Friday, October 3, 2008

Darlin' Corey


Today we'll look at the bluegrass song, Darlin' Corey. My painting from my Bluegrass Series is above (click to enlarge).

Darlin’ Corey 30" by 40" Acrylic on canvas. C 2008. The song Darlin’ Corey has been recorded by most of the top bluegrass pickers and was a crossover hit for Bruce Hornsby. The song is similar in form and chord structure to Little Maggie though they are distinctly different songs. In some versions some of the lyrics have floated between the songs.

The painting is a series of four scenes:

1) Darlin’ Corey sitting by the sea with a forty-four around her body and a banjo on her knee.

2) Darlin’ Corey sleeping after drinking too much corn liquor. A possum tries to wake her and warn her the revenuers are coming.

3) Two revenuers spot Darlin’ Corey’s still.

4) A man digs a hole in the meadow (her grave) to lay Darlin’ Corey down. A bluebird sings on an overhead branch.

Darlin’ Corey is modeled loosely on the L’il Abner character Daisy Mae. The blond hair and outfit a striking appearance. The first scene (Darlin' Corey with banjo) is based on an actual cover of a L'il Abner comic strip. The challenge was to make a painting that included all these elements but still focused on the "Wake up wake up" verse. Here are the lyrics:

Darlin’ Corey

Wake up wake up darlin' Corey,
What makes you sleep so sound?
The revenue officers are coming,
They're gonna tear your still-house down.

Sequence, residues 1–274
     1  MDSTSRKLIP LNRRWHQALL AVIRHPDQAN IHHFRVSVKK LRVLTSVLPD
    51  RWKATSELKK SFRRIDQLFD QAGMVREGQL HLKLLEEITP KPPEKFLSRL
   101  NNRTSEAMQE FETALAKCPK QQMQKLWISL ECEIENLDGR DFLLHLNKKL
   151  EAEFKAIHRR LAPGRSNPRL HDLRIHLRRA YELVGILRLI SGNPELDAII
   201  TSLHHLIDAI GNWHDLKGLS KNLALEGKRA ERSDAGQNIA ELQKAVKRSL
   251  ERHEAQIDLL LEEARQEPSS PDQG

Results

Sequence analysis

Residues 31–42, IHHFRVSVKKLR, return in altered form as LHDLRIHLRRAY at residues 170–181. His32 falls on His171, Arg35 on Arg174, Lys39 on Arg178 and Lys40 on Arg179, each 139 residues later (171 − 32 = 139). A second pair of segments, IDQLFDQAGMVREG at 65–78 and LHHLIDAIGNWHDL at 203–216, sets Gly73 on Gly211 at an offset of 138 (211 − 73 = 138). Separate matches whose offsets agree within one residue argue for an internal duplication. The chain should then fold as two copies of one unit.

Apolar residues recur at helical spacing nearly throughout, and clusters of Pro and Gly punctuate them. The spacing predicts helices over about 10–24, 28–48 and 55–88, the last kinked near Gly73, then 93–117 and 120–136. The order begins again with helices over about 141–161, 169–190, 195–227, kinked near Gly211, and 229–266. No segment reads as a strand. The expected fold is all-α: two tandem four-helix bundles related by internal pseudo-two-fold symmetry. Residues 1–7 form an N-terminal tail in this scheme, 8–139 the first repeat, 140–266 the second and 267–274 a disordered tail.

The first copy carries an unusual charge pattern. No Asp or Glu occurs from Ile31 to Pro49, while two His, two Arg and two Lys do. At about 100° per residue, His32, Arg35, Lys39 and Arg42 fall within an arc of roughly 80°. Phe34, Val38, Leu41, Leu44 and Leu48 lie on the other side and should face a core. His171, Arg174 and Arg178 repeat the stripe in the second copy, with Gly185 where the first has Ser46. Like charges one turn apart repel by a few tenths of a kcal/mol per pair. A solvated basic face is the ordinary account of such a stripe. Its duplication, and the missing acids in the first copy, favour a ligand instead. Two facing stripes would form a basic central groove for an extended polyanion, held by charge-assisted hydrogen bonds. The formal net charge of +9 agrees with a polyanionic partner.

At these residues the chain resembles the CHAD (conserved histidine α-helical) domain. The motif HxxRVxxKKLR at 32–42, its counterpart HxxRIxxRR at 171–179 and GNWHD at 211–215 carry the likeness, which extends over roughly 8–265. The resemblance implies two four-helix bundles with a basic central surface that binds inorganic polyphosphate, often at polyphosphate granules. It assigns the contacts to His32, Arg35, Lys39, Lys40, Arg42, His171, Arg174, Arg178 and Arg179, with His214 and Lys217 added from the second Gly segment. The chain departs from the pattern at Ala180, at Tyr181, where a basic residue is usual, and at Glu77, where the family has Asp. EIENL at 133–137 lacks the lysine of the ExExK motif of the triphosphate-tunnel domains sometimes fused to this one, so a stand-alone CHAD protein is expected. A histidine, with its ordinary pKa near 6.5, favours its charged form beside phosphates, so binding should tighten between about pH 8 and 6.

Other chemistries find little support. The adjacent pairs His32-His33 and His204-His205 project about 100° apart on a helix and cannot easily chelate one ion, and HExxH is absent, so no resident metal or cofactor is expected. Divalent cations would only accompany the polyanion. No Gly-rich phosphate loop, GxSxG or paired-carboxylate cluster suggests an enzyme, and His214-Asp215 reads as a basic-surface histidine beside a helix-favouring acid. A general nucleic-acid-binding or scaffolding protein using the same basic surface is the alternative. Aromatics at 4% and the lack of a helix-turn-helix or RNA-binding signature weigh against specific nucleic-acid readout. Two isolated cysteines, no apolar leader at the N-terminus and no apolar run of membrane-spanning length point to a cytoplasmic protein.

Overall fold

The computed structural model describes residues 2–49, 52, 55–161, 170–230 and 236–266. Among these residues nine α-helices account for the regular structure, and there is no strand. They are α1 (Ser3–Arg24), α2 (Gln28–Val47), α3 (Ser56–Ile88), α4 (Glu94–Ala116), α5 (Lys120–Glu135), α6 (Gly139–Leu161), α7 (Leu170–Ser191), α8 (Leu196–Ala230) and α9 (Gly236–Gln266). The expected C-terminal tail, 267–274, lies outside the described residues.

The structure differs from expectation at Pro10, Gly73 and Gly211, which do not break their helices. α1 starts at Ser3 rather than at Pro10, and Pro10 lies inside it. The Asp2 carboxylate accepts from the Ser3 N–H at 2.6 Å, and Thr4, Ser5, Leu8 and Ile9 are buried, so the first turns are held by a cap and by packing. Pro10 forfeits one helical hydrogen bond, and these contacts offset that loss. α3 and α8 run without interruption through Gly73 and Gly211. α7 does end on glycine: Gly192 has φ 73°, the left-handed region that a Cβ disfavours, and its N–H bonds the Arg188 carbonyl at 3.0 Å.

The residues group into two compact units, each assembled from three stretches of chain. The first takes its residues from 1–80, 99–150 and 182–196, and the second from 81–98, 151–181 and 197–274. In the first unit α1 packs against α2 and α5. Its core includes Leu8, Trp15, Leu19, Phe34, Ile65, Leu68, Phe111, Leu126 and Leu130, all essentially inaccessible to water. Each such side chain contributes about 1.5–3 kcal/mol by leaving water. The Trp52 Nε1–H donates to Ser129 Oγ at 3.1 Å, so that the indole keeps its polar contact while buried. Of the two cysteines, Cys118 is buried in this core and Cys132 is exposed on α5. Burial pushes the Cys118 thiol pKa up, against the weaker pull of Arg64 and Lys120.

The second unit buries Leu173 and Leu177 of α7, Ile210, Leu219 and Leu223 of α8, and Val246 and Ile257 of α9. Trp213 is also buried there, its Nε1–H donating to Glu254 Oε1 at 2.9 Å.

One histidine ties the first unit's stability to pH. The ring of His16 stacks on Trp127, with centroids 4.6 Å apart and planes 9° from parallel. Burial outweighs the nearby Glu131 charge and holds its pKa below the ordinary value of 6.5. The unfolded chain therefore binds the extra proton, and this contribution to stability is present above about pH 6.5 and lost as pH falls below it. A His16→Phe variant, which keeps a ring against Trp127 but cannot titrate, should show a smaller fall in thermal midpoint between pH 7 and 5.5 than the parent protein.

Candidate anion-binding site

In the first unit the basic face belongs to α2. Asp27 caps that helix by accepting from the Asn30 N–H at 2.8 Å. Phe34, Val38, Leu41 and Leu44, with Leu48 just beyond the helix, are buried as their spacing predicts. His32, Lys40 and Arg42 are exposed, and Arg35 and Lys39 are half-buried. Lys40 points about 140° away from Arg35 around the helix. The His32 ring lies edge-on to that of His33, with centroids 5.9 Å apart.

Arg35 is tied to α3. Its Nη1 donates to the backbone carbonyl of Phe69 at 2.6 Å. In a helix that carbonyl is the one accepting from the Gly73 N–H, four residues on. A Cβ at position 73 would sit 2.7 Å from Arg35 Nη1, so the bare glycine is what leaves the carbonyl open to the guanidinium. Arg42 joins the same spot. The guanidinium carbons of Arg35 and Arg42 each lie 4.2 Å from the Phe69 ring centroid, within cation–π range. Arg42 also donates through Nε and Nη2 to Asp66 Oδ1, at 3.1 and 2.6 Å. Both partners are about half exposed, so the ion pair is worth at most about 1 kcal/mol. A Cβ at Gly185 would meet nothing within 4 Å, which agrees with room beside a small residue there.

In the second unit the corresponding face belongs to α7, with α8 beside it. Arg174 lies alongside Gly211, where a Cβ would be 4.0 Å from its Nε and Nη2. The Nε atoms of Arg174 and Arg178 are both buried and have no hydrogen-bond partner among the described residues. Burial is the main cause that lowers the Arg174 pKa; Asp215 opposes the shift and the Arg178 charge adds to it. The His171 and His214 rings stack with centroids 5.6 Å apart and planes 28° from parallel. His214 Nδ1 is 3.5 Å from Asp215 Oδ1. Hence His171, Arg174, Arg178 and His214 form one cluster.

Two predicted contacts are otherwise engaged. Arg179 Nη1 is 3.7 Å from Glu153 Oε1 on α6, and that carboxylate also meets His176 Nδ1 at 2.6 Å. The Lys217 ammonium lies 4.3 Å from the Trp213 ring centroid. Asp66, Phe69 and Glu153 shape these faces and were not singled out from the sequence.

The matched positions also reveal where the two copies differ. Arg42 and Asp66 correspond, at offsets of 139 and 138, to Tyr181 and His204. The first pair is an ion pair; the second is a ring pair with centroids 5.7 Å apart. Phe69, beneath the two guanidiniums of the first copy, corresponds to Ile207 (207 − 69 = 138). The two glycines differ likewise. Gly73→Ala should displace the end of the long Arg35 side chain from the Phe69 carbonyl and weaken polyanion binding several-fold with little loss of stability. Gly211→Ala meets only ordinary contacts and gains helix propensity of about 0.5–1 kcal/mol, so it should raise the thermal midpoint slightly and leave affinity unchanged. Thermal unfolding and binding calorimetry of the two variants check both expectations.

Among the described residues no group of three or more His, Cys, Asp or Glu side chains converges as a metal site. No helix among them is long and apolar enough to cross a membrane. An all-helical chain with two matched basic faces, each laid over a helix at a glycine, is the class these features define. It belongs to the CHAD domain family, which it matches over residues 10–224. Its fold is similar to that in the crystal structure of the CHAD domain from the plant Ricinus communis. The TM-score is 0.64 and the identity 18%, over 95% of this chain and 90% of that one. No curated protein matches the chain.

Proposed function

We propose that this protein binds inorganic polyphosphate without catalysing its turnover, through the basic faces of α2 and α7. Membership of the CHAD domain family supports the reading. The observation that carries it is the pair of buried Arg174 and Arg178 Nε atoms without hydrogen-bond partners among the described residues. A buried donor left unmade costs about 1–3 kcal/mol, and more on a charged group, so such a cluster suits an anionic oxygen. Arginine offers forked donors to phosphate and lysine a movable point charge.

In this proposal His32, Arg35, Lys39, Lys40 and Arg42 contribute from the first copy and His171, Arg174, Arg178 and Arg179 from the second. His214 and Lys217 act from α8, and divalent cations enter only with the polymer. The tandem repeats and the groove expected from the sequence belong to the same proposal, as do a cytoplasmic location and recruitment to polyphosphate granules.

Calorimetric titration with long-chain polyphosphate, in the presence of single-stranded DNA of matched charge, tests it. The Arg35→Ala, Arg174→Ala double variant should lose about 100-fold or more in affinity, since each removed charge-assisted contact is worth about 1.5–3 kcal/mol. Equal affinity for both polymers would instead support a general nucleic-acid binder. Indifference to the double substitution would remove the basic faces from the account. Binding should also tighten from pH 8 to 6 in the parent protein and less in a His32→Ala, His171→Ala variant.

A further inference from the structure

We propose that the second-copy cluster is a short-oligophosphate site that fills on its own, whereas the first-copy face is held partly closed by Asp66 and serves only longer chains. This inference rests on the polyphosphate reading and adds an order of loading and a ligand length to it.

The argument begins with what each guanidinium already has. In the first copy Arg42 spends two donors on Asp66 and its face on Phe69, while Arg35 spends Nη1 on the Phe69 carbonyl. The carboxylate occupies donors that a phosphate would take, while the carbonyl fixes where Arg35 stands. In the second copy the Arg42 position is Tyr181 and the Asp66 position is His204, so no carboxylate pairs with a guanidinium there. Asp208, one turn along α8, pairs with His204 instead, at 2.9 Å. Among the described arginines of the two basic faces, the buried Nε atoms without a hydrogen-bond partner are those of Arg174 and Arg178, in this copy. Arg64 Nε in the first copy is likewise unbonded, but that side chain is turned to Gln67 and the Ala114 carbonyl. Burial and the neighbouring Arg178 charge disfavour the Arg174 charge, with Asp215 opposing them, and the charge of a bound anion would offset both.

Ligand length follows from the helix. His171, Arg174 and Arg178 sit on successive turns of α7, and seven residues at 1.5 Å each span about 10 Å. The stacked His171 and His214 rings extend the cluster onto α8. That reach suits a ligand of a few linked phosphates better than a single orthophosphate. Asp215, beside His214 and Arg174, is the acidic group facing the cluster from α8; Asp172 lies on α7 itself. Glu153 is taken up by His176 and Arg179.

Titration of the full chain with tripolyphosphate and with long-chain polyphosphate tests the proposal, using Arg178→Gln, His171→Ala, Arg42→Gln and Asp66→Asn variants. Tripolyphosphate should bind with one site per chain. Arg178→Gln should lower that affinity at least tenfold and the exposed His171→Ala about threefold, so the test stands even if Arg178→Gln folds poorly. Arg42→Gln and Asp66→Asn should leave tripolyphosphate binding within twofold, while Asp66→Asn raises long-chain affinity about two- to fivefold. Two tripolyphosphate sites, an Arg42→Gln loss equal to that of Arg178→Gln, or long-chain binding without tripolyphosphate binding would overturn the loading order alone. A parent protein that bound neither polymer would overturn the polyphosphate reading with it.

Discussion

Well the first time I seen Darlin' Corey,
She was sitting on the banks of the sea.
Had a forty-four around her body,
And a banjo on her knee.

Go away go away Darlin' Corey
Quit hanging around my bed.
Your liquor has ruined my body,
Pretty women gone to my head.

Dig a hole, dig a hole in the meadow,
Dig a hole in the cold, cold ground.
Dig a hole, dig a hole in the meadow,
Gonna lay Darlin' Corey down.

Can't you hear those bluebirds a-singing,
Don't you hear that mournful sound.
They're preaching Darlin' Corey's funeral
In some lonesome graveyard ground.

My lyrics are essentially those found in the early recordings done in the 1920's. The last verse is largely attributed to Bill Monroe, but who knows where he got it. Here's a version from the 1920s by Buell Kazee with solo banjo accompaniment:

The song has evolved since then but it still has that modal quality. It uses a dorian mode with a b7 and b3. I play it in the key of G with a capo on the 2nd fret (sometimes higher). Many people play the same chords as Little Maggie.

Next blog we'll look at some details from my painting. If you are interested in obtaining a print of this painting let me know:


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